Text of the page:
ERB News WrAP Pathways
Posted: October 23, 2014 by Anonymous

Testing Form and Function

Tests come in all sorts of shapes and sizes, so here’s a reference guide to help supervisors, administrators, and teachers choose Common Core–aligned assessments.

 

A common complaint amongst educators and administrators is that testing formats are often foreign to students, resulting in lower scores. With this guide, we aim to help administrators make the right choices of assessments to suit their teaching structures and methodologies, while giving teachers a quick guide to what testing methodologies they should be concentrating upon.

 

Writing Assessment

 


WrAP (Writing Assessment Program) is for grades 3–12. This direct assessment of writing has provided a powerful, objective lens allowing schools and teachers to look deeply into the writing skills of their students with an on-demand performance task requiring students to respond to an engaging prompt. WrAP prompts have always called for wellorganized and well-developed compositions that include multiple paragraphs and complex sentence structures. Focused on essential traits that outline the qualities seen in outstanding writing, WrAP allows teachers to weave the language, processes, and expectations for great writing into their instruction.

 

WrAP invites readers to engage with complex, authentic informational and literary texts, presenting real-world issues, significant and thematically relevant historical events, important scientific processes and phenomena, and narratives of artistic and thematic merit. WrAP readers must “think on their feet” as they are prompted to navigate the complexity of ideas, information, structures, and literary elements presented, carefully weighing and balancing textual evidence in order to construct their own analyses, arguments, and narratives in writing. While a command of facts and details is certainly important, WrAP’s focus clearly moves beyond any simple regurgitation of basic comprehension. WrAP mirrors what will be expected of students in college, their careers, and the real world. We live in an ever more demanding and dynamic environment, where critical and higher-order thinking skills are required for achievement, success, and a modern outlook and understanding of the world. WrAP provides a microcosm of this expected engagement, building, step by step, the tools students will need for college and career readiness.

 

Format: WrAP assessments present readers with pairings of complex, authentic informational texts, which are selected to support the development of extended writing analyses and/or arguments. Following each text, readers are presented with either a short constructed-response item or two-part multiple-choice item that is designed to support the relevant skills and expectations assessed in a culminating extended-response task, which follows the pairing. The extended response task prompts students to analyze across the pairing and construct extended and well-developed analyses and/or arguments. WrAP also provides a narrative writing assessment, which follows the same mixeditem type format as the paired text assessments. For WrAP, ERB has two assessment cycles: fall and spring. For each assessment cycle, up to three genres are available at every level, with a choice of stimulus-based and non-stimulus prompts for each genre. Each prompt/genre pair can only be used once per assessment cycle. Based on in classroom instructional needs, schools can choose to assess once or more than once per assessment cycle.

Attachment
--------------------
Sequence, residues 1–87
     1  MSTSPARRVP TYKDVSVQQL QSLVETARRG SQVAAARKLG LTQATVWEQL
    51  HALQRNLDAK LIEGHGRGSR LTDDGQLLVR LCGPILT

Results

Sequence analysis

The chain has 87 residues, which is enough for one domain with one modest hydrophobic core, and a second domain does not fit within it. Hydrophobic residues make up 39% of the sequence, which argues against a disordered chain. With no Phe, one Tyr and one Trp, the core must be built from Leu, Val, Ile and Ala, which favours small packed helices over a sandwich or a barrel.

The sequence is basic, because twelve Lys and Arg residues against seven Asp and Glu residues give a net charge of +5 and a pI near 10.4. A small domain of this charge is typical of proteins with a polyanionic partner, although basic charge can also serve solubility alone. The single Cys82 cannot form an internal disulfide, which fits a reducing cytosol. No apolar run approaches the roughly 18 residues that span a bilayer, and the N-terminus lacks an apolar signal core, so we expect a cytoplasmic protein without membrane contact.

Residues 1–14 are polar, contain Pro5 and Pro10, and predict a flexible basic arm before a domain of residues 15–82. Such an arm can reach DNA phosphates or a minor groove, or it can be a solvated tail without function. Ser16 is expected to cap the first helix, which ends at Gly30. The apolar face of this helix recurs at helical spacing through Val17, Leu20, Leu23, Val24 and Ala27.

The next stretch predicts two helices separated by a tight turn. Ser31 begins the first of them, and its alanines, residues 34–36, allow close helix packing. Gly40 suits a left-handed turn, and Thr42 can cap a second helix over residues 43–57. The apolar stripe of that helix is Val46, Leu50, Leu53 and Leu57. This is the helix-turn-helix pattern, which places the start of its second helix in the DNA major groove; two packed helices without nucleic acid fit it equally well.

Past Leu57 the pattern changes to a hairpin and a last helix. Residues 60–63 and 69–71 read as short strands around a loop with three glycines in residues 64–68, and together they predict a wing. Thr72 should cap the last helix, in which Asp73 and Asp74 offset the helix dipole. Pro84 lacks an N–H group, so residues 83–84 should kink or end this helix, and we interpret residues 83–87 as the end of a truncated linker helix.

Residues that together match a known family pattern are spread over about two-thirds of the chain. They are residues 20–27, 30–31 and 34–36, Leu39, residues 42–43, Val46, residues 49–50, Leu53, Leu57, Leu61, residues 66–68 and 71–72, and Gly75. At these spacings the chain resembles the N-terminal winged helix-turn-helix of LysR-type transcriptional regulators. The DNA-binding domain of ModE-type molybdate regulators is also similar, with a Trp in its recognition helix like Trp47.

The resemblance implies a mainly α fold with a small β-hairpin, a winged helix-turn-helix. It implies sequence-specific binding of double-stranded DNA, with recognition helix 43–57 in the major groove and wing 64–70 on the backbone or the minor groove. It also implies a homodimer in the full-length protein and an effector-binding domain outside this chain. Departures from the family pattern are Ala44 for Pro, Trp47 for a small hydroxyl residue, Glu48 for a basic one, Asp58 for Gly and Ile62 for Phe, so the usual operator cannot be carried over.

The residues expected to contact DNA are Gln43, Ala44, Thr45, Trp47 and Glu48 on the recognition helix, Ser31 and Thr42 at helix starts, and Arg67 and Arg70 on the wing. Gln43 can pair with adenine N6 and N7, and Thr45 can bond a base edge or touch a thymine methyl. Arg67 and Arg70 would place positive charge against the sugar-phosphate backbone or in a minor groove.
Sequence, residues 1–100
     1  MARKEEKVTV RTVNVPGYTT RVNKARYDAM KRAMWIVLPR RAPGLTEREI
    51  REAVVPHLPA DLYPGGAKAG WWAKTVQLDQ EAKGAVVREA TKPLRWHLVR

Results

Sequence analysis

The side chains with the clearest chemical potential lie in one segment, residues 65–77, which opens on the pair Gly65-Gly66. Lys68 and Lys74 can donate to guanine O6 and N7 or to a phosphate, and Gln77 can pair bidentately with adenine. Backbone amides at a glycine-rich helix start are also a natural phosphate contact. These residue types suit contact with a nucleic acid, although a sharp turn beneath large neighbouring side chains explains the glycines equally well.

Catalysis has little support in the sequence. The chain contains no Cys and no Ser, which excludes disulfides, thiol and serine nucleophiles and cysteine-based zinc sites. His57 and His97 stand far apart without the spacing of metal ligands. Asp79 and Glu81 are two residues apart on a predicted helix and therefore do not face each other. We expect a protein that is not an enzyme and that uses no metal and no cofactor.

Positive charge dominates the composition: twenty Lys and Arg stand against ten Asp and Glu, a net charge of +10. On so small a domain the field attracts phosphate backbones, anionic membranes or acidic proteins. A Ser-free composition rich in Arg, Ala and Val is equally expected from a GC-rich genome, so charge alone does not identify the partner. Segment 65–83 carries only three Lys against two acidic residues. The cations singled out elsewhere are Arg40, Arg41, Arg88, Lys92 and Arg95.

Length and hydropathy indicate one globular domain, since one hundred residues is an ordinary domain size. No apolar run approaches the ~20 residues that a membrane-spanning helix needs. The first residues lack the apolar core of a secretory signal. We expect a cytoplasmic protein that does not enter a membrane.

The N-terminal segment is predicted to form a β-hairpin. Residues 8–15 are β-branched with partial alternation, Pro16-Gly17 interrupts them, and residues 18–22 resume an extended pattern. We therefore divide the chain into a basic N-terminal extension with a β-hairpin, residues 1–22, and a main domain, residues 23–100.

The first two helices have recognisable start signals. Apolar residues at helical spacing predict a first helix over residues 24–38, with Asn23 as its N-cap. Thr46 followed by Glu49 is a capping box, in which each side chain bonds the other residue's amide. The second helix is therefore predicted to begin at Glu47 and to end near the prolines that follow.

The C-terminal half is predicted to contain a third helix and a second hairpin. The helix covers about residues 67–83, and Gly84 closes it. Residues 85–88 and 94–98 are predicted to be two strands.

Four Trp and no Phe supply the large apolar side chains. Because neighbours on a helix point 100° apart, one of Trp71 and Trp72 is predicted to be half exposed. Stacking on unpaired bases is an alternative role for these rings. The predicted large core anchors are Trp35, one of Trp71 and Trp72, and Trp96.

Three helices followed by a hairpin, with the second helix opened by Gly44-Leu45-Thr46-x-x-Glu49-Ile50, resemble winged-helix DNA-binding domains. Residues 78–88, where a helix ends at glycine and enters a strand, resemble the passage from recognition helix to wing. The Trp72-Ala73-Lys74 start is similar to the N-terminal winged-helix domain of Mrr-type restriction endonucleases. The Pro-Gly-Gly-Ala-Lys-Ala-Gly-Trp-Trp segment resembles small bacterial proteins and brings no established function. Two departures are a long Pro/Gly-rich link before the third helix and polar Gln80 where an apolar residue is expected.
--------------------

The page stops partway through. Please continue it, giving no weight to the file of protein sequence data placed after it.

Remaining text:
Considerations for ELLs: Prompts are reviewed by ELL specialists to ensure use of clear and accessible language that avoids colloquial or regional language and unfamiliar terms that can cause is understanding. Vocabulary used is grade appropriate and widely accessible to all students. In instances
in which an authentic text contains language that is above grade level or may not be understood by ELLs, footnotes are added to define words or explain the meaning of the referenced words. Directions are clear and precise.

 

Why teachers like it: Teachers can modify prompts according to course content and class needs. Prompts are specifically aligned with standards such as the CCSS. Software grades writing for syntax and language errors, so teachers can focus on lesson planning and teaching.

 

read the full article from Language Magazine September 2014

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